On April 22, four years ago, I spent the day with Richard Cizik for this story. A lot has happened since then. In 2005, Cizik was the vice president for government affairs of the National Association of Evangelicals (NAE), an influential group consisting of 45,000 churches and some 30 million members. He had been NAE's political point man in D.C. since Reagan. By Earth Day 2005, when I caught up with Cizik for my story on unlikely environmental bedfellows, he was already taking heavy hits from his supposed friends on the Right, who abhorred his increasingly outspoken calls for action on global warming. In 2007, prominent christian conservatives, such as James Dobson and Tony Perkins, had tried to oust Cizic from the NAE, citing, among other things, his advocacy of the green-friendly Creation Care movement, and his "relentless campaign against global warming." Last December, Dobson and Perkins got an early Christmas present when Cizik was forced to resign from the NAE after expressing support for same-sex civil unions. In truth, this may have just been his final offense. If the Religious Right's puritanical scolds thought that Rev. Cizik was going to slink away into political obscurity, they surely underestimated his conviction. For this past Sunday, Cizic re-emerged onto the public stage, perhaps more determined than ever to tackle global warming:
Surrounded by Muslims, Sikhs, Jews, and Christians sitting in the pews of a United Methodist church, Cizik spoke about the need for new strategies and ideas to advance the environmental issue.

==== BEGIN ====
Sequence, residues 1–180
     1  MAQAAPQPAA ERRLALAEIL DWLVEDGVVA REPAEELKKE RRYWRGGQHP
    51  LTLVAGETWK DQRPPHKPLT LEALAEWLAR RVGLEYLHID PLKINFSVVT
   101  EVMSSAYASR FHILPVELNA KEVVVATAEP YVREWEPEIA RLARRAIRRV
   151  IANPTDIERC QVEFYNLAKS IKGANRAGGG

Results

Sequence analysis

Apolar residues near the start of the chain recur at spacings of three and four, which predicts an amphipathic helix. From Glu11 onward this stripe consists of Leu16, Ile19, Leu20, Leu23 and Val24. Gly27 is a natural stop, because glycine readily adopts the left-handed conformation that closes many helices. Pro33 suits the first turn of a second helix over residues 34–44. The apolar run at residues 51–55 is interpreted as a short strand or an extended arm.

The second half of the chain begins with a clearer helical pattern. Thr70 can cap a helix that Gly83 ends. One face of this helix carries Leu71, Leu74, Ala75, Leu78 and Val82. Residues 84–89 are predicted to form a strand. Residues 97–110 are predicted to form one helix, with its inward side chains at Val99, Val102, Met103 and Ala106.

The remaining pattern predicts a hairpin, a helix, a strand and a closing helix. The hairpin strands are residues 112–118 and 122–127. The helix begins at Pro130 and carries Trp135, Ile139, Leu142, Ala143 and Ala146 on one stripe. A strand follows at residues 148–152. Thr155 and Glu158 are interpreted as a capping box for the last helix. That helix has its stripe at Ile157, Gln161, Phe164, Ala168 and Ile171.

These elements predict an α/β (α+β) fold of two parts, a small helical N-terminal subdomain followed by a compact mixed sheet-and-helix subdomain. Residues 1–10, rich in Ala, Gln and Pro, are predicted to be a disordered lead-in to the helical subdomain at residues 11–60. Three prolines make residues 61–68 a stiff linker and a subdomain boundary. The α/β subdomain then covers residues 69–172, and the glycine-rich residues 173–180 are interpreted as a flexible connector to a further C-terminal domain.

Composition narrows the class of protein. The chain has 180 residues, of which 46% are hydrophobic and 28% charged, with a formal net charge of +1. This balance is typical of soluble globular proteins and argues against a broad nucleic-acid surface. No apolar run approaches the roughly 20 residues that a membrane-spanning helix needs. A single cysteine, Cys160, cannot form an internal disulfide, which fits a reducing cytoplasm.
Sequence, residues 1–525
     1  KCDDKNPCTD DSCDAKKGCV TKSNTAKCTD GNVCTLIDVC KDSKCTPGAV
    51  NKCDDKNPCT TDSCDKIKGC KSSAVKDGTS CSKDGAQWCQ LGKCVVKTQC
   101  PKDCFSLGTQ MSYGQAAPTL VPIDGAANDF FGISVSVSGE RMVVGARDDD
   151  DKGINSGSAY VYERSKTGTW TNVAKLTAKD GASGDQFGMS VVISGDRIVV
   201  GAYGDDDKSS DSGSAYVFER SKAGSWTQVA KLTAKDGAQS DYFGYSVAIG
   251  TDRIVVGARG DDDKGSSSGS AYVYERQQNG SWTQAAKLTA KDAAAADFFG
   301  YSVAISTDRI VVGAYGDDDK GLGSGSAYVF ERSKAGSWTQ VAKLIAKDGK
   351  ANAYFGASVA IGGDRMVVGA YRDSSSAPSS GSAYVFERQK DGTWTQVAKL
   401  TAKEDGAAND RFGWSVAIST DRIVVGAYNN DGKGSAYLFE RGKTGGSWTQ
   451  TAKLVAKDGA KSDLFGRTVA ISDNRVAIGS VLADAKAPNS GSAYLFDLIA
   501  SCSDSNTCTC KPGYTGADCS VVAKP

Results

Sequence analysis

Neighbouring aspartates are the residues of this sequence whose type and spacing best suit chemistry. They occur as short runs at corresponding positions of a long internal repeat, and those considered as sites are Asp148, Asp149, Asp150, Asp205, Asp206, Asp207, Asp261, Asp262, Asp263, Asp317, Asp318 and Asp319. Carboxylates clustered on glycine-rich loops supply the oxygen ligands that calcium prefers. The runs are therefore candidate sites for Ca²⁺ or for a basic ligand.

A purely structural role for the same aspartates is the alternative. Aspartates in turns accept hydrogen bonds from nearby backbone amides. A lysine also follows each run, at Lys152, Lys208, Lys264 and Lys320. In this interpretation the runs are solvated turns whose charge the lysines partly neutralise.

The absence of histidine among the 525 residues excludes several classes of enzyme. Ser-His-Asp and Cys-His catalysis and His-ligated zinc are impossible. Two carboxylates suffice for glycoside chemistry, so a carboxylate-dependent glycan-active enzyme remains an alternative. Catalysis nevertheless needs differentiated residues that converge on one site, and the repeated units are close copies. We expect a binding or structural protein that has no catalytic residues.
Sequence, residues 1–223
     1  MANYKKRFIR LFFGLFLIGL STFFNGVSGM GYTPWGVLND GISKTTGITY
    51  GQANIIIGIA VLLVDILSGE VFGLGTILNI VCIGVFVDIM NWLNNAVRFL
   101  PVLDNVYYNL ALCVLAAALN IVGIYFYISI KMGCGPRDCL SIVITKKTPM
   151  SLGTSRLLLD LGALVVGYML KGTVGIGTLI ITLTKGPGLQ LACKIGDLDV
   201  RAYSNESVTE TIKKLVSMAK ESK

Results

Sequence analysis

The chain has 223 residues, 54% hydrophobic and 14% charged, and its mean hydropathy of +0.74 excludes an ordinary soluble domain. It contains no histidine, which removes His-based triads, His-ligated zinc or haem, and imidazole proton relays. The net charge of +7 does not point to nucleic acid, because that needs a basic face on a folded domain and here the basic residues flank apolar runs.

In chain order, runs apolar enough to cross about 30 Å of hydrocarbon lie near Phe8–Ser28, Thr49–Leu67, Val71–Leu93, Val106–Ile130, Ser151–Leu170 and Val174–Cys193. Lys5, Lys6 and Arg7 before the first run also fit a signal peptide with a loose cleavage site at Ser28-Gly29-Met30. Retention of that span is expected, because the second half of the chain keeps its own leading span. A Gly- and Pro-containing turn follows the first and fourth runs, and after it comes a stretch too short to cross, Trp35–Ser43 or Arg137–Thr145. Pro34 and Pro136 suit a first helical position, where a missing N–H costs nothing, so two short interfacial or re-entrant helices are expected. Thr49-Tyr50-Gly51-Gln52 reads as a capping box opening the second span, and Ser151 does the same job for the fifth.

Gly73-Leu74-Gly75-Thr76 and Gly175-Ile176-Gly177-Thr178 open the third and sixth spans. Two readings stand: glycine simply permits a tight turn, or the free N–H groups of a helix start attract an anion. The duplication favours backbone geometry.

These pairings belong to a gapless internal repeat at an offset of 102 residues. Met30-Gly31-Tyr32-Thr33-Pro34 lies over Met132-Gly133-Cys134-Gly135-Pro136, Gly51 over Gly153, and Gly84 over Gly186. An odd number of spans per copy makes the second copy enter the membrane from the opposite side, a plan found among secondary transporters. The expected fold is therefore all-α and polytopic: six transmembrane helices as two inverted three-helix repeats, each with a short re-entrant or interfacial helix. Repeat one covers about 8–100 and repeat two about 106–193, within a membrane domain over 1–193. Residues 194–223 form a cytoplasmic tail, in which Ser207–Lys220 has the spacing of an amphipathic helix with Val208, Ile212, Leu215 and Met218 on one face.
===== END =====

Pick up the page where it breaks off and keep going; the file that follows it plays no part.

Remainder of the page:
On the eve of this Earth Day, I called Cizik at his Virginia home to learn more about his Second Act in life. While he was vague on details, our conversation ranged widely, from the sway of Dispensationalism ("it has had enormous consequences") to his turnaround on Al Gore ("I used to make fun of him...call him the ozone man...the fact of the matter is he's been right all along and the evidence substantiates this"). Below are some excerpts of the interview: KK: There's a new Pew poll showing that 34 percent of evangelicals believe in climate change. RC: Those figures seem pretty low. Actually, 71 percent of evangelicals believe climate change is real [according to another poll that Cizik tells me can be seen here]. The problem is that only 30 percent think it is human induced. KK: I don't get that [last part]. How could that be? RC: Evangelicals reason as follows: scientists say climate change is real [and caused by greenhouse gases], but scientists also say evolution is real, so evangelicals don't believe it. It's an illogical syllogism. Many evangelicals don't believe in anthropogenic greenhouse gases. [[NOTE: recent supporting evidence for that last point can be seen here.--KK]] KK: You must be following all the recent efforts by congressional republicans to cast doubt on global warming as a legitimate issue. Why do you think there is so much push-back from them on this when there is increasing evidence from scientists that climate change is a real threat? RC: Just giving someone more information doesn't always change people's views. We tend to screen out ideas we don't want to hear. KK: I understand that you're now a United Nations Fellow. What do you do in that capacity? RC: I'm an ambassador of good will, building bridges, as they say. Having his wings clipped by NAE hasn't slowed Cizic in the least. He says he is barnstorming christian colleges and seminaries across the country, preaching the virtues of Creation Care to a younger generation of evangelicals. In fact, Cizic has even bigger plans to mobilize a new, greener, evangelical movement, which he vaguely sketched out to the Washington Post after his appearances at Sunday's pre-Earth day festivities. Those who sought for years to muzzle Cizik and cheered when he got sacked probably never stopped to consider the law of unintended consequences.